When the social media tiger stopped coming to tea

Credit: Unsplash

Holly Jennings
Views Editor

What happens when you detox from social media, for a little while.

This week I decided to disconnect from the hive mind. No, not abandoning the cohort of union loyals who tank pints of fun at Hive every Thursday, but rather, I decided to disconnect from the constant stream of connection that lives in my pocket. 

What prompted my digital departure was the question I’m sure most people ask themselves from time to time: who’s in control here? Me or the mastermind behind my iPhone? How much of our daily screen time comes down to utility and does it encroach on our autonomy? We’ve all been at a wedding, concert, or birthday party with someone who is unable to enjoy the meaningful moment without documenting the entire episode for an online audience. Or worse, with a person who can’t unglue their eyeballs from their screen in the middle of the restaurant. Was I becoming this person? Would Steve Jobs turn in his grave if I turned away from my phone?  

The rules were simple: three days of eliminating anything that could be considered a form of social media, binge-watching, or contant instant messaging. This meant texts and calls were allowed, but almost everything else had to go. To enter into my social media free haven required a digital spring clean. So I did my best to embody an inner Marie Kondo and decluttered to my heart’s content. Did the Temple Run app I had carried over from phone to phone for close to a decade spark joy? Absolutely fucking not.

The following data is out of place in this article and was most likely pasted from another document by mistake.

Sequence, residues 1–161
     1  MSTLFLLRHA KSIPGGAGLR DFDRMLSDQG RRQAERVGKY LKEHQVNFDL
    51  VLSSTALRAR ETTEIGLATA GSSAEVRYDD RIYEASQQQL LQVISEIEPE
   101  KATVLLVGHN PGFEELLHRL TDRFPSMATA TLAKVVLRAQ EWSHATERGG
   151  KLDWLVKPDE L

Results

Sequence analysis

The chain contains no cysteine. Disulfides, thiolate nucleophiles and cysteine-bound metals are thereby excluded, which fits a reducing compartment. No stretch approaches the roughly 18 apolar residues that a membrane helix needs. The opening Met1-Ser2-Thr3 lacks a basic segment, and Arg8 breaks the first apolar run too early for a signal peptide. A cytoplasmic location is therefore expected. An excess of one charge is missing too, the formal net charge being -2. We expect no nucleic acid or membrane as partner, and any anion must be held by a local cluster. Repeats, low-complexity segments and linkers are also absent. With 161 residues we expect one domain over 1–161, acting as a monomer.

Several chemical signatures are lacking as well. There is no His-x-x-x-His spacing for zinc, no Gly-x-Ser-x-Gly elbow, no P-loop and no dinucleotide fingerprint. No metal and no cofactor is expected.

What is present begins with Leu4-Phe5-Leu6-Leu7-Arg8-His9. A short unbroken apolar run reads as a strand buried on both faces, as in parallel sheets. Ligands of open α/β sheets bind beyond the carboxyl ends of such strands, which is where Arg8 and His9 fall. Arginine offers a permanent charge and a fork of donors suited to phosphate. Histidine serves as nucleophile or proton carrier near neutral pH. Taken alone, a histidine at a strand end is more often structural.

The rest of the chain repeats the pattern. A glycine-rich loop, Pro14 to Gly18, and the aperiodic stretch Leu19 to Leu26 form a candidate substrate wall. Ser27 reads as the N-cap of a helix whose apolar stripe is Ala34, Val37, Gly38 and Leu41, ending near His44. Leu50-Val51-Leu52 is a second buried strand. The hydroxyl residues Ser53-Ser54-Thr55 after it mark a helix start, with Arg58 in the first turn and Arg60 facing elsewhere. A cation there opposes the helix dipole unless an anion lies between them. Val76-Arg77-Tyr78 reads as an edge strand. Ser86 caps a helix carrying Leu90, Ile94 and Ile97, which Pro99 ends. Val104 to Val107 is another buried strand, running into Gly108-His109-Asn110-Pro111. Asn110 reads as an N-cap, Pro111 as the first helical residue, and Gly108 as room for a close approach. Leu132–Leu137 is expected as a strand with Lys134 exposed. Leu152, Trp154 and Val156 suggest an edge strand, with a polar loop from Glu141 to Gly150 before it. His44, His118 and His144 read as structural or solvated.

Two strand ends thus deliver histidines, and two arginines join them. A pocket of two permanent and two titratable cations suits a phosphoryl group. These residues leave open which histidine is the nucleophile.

In most of my life, I’m a brutal anti-sentimentalist but for some reason, my phone is a cluttered wasteland full of notes, expired shopping lists, and useless apps (but don’t worry, I’m not one of those freaks with thousands of unopened emails). After curating the apps I actually used and having binned the ones that I didn’t, I was left with one final task: turning off my notifications. Now anyone considering the politics behind this, quite frankly far too complex process for a three-day social media detox, may ask why I didn’t just delete the apps and redownload them. Simply put, it all came down to passwords. I knew that if I deleted these apps it would take several hours of failed attempt after failed attempt, a copious amount of forgot my password (which would require flashbacks to my adolescence and the awfully named email accounts of said bygone age), before being able to access my accounts again. A task I know I would ultimately be too lazy to complete and would be the end of my social media ventures for good. 

And so, I began my journey into the wilderness. 

Whilst this was less choreographed than a Bear Grylls programme, some of my findings were a tad more genuine and perhaps a bit more primal. For the first day, the number of times I picked up my phone only to unlock it to an empty background was heinous. Although repeated pickups served as a constant reminder of how often I resort to checking one feed or the other – despite constantly having my phone on vibrate to alert me to the newest notification – eliminating any need for me to check myself when I know none are there. Even worse were the times where an idea popped into my head, and the urgency to share was met with no receiving party: who do I text to share my musings that lemurs are just skinny raccoons?

There is certainly a greater comfort in shouting weird thoughts into the stratosphere of Twitter than actually voicing that stupidity in public. Missing my friends was about more than just projecting my strange hypotheses or theories upon them; whoever said that absence makes the heart grow fonder clearly hadn’t experienced FOMO. My friends went on a night out that I couldn’t attend, and without the trusty group chat, how was I supposed to catch up on all the gossip?